In the world of business, that gap can make all the difference: Ringle says speed is one of the biggest reasons to hire in-house. “You close the books once a month and reconcile accounts,” he says. “Payments should have been received, invoices sent out. Business owners need to know how they did in the prior month as soon as possible so they can make any needed adjustments in terms of sales and revenue. If something’s wrong, they can’t wait until mid-month when they could have taken corrective action sooner.”

“The obvious benefit of having in-house [accountant services] is the ease of communication and speed of work since we are not one of many clients, but the client,” Curcio says.

Get your CPA’s back with a bookkeeper

Ringle believes outsourced CPAs do their best work when they have support from inside the business. That’s largely because CPAs tend to be specialists who only handle taxes; Ringle says he’s never met one who handles larger business needs.

The solution for most businesses, Ringle says, is to hire an in-house bookkeeper to track, compile and maintain financial records and documents — the key word being bookkeeper, not an administrator or secretary. “You need someone who has accounting knowledge and is familiar with your software,” Ringle says.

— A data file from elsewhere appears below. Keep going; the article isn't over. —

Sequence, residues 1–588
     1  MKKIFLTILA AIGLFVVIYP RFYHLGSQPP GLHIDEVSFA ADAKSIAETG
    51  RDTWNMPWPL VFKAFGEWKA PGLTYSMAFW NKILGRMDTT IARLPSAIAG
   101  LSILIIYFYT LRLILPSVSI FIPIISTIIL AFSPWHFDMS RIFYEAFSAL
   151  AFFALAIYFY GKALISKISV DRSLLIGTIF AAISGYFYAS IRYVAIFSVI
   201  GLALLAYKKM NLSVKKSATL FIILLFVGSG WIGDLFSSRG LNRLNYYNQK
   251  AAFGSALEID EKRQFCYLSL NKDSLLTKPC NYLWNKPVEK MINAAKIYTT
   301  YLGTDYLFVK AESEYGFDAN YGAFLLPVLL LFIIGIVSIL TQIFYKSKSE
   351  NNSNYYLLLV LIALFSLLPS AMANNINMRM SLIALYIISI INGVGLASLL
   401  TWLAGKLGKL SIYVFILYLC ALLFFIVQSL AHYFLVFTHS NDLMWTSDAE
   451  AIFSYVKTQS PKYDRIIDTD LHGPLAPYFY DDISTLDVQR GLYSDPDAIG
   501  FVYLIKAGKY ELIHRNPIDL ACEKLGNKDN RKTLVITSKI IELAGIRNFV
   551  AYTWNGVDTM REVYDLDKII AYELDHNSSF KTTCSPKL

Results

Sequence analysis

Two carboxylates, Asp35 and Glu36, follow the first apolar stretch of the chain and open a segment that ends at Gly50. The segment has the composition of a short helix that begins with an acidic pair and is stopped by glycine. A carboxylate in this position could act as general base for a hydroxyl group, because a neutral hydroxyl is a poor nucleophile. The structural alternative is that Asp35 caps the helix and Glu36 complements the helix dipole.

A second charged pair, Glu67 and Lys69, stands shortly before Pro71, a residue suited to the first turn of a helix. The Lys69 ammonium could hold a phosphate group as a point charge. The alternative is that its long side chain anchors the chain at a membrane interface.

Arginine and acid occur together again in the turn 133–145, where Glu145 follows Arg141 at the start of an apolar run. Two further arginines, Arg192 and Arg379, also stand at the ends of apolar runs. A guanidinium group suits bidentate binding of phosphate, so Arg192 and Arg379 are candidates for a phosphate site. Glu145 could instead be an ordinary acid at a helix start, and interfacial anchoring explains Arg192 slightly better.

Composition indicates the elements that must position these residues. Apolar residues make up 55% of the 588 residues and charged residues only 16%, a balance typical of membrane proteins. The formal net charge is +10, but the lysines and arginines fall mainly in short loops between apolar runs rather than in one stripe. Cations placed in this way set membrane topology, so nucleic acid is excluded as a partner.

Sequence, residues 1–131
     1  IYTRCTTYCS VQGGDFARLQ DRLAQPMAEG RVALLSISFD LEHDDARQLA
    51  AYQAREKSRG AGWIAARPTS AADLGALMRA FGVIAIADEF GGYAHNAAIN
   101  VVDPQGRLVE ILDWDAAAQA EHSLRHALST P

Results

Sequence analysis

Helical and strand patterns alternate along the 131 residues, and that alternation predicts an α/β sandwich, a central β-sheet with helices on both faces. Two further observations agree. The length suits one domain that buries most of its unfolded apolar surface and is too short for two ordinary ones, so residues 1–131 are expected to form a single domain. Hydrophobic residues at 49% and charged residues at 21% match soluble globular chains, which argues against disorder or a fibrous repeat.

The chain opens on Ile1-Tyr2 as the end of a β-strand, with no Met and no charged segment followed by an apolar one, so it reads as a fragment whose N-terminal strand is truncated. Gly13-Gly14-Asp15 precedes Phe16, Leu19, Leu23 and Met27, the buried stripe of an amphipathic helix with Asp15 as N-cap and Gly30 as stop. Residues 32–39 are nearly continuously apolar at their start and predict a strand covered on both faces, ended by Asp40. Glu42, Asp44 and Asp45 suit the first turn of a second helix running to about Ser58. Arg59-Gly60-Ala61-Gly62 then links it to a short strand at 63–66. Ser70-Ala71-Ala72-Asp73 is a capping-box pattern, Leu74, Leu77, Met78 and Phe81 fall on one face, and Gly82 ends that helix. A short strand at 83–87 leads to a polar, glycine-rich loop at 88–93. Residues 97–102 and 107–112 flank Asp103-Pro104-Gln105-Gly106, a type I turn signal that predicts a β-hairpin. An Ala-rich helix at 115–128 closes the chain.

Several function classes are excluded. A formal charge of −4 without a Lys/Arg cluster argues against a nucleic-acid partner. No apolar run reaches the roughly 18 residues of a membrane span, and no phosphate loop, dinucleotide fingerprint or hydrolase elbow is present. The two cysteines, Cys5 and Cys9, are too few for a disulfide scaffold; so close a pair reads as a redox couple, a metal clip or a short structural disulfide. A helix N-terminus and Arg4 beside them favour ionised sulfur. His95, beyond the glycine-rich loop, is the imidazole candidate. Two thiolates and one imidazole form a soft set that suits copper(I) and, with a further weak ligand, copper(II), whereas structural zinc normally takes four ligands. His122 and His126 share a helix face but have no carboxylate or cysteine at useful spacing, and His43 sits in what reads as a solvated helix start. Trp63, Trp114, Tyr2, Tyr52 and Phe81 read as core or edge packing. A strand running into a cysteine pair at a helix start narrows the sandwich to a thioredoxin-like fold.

The smallest companies might not need an internal bookkeeper, Ringle adds. On the other end of the spectrum, larger companies — usually around $10 million a year in revenue — will likely need to hire a controller who performs services like cost accounting, analysis of new product lines and even IT in some cases. In between a controller and nothing is the Goldilocks option of a bookkeeper.

“It’s like having a paralegal instead of a lawyer,” Ringle says. “A bookkeeper has taken some courses, maybe has a degree. They’ll know how the balance sheet works; they’ll understand double-entry accounting.”

The most important questions to ask potential bookkeepers, however, are if they’re experienced with your particular software and if they’re experienced in projecting cash flow.

“I almost never see smaller businesses tracking or projecting cash flow,” Ringle says, “which is much more important than profitability or sales because when you run out of cash, you’re finished.”

This type of work is likely to be a heavy lift for an admin who isn’t a trained bookkeeper, and the difference can mean everything in terms of your CPA’s performance.

“I see messed up balance sheets or P&L reports all the time,” Ringle says. “It’s tremendously helpful for CPAs to have a clean QuickBooks file. The problem is, QuickBooks is so user-friendly that it accepts wrong information plugged into the wrong section or that isn’t organized properly, which an admin or secretary wouldn’t know. They’re usually just plugging in data. Then when it gets handed off to the CPA, it’s a mess.”

Beyond the bookkeeper model